is a recording led by guitarist Samo Salamon and drummer Aljosa Jeric featuring the relentlessly creative saxophonist Mark Turner. Salamon and Jeric both hail from the newly post-socialist country of Slovenia. Having been recently formed after the collapse of the Eastern Bloc, maybe there is
something to the idea of jazz being a truly "democratic" art form.
The tunes are all originals: six from Salamon and four from Jeric. Rhythmically and harmonically they're strictly modern: no blues, bebop, or rhythm changes to be found. And there's a haze of melancholy wafting through much of the music. Aside from a few tunes, Mamasaal is best suited to an insular, grey Sunday spent reading on the couch, or a day of introspective listening spent alone gazing out the window onto the city.
Jeric's enigmatic, wandering, and strangely hypnotic "Elephants On Holidays" is one of his two compositional highlights. It's a short, slow, and quirky through composed tune and is the tune furthest removed from standard jazz vocabulary on Mamasaal: straight 8ths, backbeats, hardly any traditional changes or solo sections, and a fadeout for an ending. Though pensive and near plodding at times (elephants at work?), it's one of the most idiosyncratic and inviting tunes on the record. Jeric's gentle waltz "Little Eva," described as "kind of a 'Rosenwinkelish' tune" in Salamon and Jeric's self-written liner notes, is the CD's lone peon to standards, with Jeric's simple, beautiful, and motivic melody the recording's most memorable.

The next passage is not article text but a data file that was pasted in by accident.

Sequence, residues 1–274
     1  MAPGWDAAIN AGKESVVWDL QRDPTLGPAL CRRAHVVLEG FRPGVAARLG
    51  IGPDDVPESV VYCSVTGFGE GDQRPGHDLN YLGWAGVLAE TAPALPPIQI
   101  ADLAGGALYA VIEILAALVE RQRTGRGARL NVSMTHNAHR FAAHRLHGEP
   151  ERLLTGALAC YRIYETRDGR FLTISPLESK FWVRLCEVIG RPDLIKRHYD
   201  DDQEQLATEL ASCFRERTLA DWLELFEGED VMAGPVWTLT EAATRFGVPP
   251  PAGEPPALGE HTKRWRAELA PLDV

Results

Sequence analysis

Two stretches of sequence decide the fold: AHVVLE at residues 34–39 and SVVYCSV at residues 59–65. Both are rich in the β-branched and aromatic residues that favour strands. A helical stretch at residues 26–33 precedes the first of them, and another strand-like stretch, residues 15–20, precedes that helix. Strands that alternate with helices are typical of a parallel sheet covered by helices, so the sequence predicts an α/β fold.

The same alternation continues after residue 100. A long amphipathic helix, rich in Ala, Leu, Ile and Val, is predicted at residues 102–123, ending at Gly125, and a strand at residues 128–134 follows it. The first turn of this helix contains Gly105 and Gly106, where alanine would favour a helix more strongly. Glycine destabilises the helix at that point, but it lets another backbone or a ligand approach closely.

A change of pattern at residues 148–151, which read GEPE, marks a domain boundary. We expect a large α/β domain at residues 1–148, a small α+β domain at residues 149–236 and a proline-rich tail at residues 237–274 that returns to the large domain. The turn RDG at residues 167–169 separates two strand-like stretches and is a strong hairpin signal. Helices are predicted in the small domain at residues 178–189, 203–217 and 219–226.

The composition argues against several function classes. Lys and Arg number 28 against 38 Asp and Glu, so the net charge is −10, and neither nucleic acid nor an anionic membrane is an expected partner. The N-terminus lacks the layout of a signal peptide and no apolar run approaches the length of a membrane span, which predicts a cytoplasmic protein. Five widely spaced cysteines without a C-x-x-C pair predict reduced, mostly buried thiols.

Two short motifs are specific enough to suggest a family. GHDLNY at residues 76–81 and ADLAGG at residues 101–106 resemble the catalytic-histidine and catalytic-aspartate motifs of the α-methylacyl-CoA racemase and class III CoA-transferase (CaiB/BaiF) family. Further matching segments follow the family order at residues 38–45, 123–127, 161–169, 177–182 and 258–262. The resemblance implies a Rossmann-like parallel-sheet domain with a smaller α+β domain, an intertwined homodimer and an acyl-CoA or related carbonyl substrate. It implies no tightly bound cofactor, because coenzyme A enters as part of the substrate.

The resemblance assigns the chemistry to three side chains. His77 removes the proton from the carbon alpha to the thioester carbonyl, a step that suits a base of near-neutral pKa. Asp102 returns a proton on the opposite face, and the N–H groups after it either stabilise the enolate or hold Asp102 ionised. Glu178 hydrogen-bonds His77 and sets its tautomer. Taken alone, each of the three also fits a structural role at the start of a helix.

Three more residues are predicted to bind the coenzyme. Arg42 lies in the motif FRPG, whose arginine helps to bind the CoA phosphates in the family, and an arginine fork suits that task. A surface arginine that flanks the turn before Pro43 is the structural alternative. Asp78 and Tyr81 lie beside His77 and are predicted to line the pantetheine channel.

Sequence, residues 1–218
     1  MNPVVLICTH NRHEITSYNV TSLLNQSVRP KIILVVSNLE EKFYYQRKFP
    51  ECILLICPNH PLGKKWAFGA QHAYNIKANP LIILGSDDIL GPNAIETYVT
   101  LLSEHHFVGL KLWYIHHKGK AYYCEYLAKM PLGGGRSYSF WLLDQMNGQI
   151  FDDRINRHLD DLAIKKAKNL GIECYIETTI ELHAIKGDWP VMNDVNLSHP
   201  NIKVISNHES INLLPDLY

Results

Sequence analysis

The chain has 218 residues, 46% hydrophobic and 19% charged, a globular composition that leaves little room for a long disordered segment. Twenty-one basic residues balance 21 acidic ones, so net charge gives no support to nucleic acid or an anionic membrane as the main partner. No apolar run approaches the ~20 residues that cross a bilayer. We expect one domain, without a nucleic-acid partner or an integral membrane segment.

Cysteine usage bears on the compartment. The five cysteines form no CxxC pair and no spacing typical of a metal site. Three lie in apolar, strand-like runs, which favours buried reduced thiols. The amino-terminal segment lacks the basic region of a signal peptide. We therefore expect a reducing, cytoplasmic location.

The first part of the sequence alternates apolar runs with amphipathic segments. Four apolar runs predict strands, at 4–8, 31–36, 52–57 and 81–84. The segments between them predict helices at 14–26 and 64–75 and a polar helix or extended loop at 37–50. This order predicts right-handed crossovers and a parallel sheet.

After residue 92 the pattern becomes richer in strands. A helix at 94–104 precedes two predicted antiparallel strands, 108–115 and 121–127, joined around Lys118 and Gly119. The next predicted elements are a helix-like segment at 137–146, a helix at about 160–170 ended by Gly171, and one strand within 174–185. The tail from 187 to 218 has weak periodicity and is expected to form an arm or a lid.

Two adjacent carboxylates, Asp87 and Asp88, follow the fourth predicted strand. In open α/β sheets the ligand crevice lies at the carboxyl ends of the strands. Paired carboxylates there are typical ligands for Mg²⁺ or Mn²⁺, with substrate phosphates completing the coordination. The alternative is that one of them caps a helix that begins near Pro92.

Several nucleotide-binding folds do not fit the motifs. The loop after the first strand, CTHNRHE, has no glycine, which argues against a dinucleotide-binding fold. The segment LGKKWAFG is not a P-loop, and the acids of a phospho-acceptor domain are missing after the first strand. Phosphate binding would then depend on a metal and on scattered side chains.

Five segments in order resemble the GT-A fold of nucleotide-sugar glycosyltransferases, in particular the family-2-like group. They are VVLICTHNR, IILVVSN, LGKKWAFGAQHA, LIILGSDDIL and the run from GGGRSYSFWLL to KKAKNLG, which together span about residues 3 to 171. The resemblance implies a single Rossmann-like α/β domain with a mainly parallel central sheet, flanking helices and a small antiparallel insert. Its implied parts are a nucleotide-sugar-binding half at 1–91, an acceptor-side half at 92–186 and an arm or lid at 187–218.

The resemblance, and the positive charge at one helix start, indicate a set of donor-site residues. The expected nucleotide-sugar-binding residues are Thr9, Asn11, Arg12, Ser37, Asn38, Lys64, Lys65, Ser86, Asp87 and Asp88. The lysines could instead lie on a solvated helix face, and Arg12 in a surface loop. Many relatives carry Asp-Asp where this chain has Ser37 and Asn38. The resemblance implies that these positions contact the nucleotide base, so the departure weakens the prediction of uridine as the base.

Salamon's most intriguing piece, "The Shy One," is also less overtly jazz and tends toward the pensive and atmospheric. It would fit just as comfortably on a laidback indie film soundtrack. Salamon's guitar sound here is suffused with reverb and delay but remains well articulated, whereas on other tunes his attack has nearly no edge. The ending of "The Shy One" illuminates Salamon's gift for writing entrancing lines. Played in unison with arco bass as a duet, it's Mamasaal's most beautiful moment; a pity the section wasn't longer.
"High Heels" and "Happy Girl" feature two more creative Salamon melodies. They have strong propulsion, singability, and generate the CD's strongest energy. Unfortunately, both tunes lose focus during the recording's only open/free solo sections. Playing free takes deep concentration and possibly a different type of group rapport than what these players have settled into.
However intricate, modern sounding, and proficient the writing and playing on Mamasaal, most of the music remains oddly flatintrospective to the point of exclusion. Elements of abandon and surprise are too few and far between and are mainly supplied by Turner and bassist Matt Brewer. Brewer's playinguniformly creative both rhythmically and harmonicallyis consistently one of the disc's most engaging aspects, with a strong and resonant tone. Turner can always be counted on to play with fire and creativity while remaining true to the material.
Visit Samo Salamon, Aljosa Jeric and Mark Turner on the web.